Following an invitation from the Premier, Hon. Alden McLaughlin at the Joint Ministerial Council (JMC) in London last December, senior representatives from the UK's National Crime Agency (NCA) and the Foreign and Commonwealth Office (FCO) visited the Cayman Islands on Tuesday, 23 February, to discuss cooperation between both countries' law enforcement agencies, as well as Cayman's progress in enhancing its beneficial ownership information regime.
The UK delegation included Dr Peter Hayes, Director of the FCO's Overseas Territories Directorate; Andy Lewis, the NCA's Head of Bribery, Corruption and Sanctions; and Russell Phillips, the FCO's Senior Policy Adviser, Economic and Financial Services.
In addition to the Premier, the delegation also spoke with the Minister of Financial Services, Wayne Panton; and other Government officials.
'Government continues to maintain a position of zero tolerance on illicit activity and financial crime', the Premier said. 'Our commitment to the UK, and to other foreign authorities, is to collaborate and cooperate to ensure that those responsible for illicit activity can be prosecuted in the relevant jurisdictions'.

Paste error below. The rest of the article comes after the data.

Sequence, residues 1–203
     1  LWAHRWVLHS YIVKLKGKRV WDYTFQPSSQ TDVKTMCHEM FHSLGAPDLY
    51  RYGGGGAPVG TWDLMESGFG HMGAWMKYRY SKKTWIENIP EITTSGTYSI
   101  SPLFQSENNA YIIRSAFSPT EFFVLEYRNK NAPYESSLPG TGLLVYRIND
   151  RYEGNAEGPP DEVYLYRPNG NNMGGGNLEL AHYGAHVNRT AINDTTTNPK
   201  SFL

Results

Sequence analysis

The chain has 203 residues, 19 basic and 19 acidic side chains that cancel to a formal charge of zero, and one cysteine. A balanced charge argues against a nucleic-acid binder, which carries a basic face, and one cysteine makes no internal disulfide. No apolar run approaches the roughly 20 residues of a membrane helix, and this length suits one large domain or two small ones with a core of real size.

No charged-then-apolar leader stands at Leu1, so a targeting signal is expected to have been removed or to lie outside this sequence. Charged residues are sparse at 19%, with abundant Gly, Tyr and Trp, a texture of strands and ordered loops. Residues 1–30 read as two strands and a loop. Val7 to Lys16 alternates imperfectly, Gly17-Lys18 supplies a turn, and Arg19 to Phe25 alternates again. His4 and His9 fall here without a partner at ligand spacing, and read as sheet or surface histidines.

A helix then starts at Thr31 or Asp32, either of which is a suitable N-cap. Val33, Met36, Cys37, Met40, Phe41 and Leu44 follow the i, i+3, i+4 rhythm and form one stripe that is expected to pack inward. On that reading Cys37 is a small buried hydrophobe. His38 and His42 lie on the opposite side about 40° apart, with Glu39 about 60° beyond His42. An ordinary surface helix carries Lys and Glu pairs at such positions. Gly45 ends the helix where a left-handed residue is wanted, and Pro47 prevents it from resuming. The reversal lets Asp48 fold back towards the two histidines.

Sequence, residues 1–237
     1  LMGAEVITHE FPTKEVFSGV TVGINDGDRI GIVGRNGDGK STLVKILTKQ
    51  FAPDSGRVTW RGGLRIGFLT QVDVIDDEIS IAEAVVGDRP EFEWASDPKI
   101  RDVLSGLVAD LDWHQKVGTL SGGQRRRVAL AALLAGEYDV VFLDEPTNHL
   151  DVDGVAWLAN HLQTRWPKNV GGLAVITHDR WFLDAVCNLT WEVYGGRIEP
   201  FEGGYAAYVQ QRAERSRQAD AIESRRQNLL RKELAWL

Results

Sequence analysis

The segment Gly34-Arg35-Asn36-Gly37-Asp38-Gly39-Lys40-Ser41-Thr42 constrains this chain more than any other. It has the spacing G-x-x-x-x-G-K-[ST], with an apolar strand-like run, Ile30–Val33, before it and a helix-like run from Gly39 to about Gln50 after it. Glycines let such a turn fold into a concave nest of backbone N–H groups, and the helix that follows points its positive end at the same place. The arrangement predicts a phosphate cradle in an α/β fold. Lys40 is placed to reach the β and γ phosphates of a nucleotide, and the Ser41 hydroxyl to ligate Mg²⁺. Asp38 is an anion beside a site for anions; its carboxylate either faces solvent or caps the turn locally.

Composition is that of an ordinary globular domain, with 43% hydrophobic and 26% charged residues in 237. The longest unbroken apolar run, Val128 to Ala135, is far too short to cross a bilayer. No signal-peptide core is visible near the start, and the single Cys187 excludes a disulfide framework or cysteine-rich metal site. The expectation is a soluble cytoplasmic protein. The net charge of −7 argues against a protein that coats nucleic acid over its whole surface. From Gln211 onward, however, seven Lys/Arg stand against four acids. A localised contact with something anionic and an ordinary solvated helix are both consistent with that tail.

As part of discussions, the Ministry updated the UK delegation on progress to enhance Cayman's current beneficial ownership information regime. This process is being facilitated through a working group established by the Ministry in September of last year. Comprising representatives from Government, Cayman Finance and other industry associations, this group has been working to ensure that Cayman's regime will continue to meet internationally accepted standards.
Minister Panton said the day's meetings further familiarised UK officials with the strengths of Cayman's existing legislative and regulatory framework, and allowed the building of new relationships between Cayman and UK officials.
'It was excellent to hear the UK's support for how Cayman's Government and industry work together, in order to tackle global problems such as money laundering and corruption', he said.
'We had an opportunity to explain, in more detail, the merits and potential mechanics of our proposed centralised platform, which would be locally accessed and non-public. This would be an additional enhancement to our current, strong anti money-laundering regime; and would be a similarly effective, viable alternative to the UK's approach of a central register.'
Dr Hayes of the FCO said, 'We agreed at the JMC that addressing this issue would be given the highest priority. We very much welcome the timely and constructive discussions'.
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